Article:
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Steven Hoelscher, Chair Burdine 437, Mailcode B7100, Austin, TX 78712 • 512-471-7277

Fall 2008

AMS 391 • International Journalism Crisis Coverage

Unique Days Time Location Instructor
30150 M
2:00 PM-5:00 PM
CMA A3.108
De Uriarte

Course Description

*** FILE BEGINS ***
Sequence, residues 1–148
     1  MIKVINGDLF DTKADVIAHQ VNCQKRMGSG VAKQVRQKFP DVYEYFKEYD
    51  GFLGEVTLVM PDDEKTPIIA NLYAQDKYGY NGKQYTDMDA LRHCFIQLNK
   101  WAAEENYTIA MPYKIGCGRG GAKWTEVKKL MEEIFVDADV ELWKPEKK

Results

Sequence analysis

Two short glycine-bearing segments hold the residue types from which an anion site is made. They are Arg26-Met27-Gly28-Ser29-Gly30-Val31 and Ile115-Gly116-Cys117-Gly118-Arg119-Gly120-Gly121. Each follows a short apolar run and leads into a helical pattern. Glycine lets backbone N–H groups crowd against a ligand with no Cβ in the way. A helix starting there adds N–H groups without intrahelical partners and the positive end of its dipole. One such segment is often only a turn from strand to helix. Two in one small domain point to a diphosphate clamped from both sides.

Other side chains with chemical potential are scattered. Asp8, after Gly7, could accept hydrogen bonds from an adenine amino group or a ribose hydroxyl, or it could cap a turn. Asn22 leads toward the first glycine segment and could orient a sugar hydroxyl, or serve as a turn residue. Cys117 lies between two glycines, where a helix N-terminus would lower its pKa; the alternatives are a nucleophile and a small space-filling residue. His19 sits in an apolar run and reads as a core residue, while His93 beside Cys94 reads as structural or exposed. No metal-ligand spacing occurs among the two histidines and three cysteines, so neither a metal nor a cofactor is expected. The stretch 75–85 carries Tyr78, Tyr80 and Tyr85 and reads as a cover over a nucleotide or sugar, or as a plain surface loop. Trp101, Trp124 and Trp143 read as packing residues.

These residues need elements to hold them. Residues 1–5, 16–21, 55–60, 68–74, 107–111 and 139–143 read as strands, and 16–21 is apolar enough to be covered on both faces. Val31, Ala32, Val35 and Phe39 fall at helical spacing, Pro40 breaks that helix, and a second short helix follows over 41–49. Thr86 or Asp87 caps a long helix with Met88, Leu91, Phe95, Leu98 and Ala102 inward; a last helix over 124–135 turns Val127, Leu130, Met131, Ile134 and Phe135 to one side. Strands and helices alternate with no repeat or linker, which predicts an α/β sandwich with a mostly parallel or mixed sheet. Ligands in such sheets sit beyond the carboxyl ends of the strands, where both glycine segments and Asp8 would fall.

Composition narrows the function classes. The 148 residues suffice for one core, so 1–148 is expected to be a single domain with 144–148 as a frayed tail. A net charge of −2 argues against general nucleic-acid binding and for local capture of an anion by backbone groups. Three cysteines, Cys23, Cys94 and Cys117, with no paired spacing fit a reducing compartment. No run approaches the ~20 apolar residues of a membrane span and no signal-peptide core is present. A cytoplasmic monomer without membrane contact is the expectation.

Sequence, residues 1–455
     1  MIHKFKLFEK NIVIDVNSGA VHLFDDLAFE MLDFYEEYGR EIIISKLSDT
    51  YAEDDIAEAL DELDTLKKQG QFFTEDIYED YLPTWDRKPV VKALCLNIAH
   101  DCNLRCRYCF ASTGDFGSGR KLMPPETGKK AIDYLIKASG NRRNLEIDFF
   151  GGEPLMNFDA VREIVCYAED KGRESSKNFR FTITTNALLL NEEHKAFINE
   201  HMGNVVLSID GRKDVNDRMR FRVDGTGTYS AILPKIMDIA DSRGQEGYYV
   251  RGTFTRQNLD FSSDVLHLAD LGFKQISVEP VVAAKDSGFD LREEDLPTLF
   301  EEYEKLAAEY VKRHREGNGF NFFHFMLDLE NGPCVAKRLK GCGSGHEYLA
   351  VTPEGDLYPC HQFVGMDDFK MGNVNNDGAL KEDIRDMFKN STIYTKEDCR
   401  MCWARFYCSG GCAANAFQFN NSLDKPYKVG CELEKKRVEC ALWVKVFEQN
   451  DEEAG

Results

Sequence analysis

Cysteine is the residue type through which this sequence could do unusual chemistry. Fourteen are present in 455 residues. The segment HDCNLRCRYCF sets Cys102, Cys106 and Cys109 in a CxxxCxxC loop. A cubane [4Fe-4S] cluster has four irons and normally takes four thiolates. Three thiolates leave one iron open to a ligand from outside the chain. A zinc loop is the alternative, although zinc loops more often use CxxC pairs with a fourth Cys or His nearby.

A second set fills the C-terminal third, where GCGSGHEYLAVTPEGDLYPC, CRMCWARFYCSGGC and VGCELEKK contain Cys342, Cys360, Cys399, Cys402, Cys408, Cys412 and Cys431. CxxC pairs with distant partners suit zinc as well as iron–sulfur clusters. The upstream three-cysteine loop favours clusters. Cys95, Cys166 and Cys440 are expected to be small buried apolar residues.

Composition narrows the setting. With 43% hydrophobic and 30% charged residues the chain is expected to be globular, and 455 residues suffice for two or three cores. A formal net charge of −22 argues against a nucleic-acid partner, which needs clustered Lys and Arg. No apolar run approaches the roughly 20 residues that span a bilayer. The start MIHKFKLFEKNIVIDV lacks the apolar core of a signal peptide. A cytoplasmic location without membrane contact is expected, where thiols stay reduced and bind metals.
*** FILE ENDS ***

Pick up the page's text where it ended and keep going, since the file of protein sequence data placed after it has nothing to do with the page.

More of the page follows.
"Because of the systemand in spite of itmost Americans are out of touch with events that directly affect their lives. When crisis impends, they a re not warned. When it strikes, they are not prepared." Mort Rosenblum, Editor, International Herald Tribune, 1981. This interdisciplinary course examines how international events come to be defined as crisis by the U.S. press and how conflict is reported. Course includes analysis of construction, framing, agenda conveyance; source dependence and selective omission. Course explores the dynamics of power and communication; the role of media as an institutionalized conveyor of political policy in exercises of empire building. Along with increased U.S. military involvement in third world nations of color comes recurrent patterns of information distribution, of power expansion and political profiling. Also explored is the shadow effect that appears in domestic coverage, and media portrayal related to race, class, gender, and civic status The press provides cultural constructions through which individuals define identity, navigate domestic and international exchanges and through which national, public and individual discourse about conflict progresses. Course explores re-emerging patterns related to these concepts in past and current coverage of Latin America and the Middle East, including the false construction of news and fact by public relations agencies. Text material is augmented with documentaries.. This course seeks to provide an overview of these issuesboth through intellectual exploration and hands-on field experience, which provides an exercise in applied theory. Students will undertake three forms of scholarshipfield work, press analysis and researchto produce a 30 page research paper addressing paralleland intersecting realities. Toward this goal students will spend 20 structured hours in related community field work/service learning. Course draws from press coverage, communication theory, history and sociology. Students are encouraged to think in terms of common themes and issues by applying readings to contemporary communication examples.


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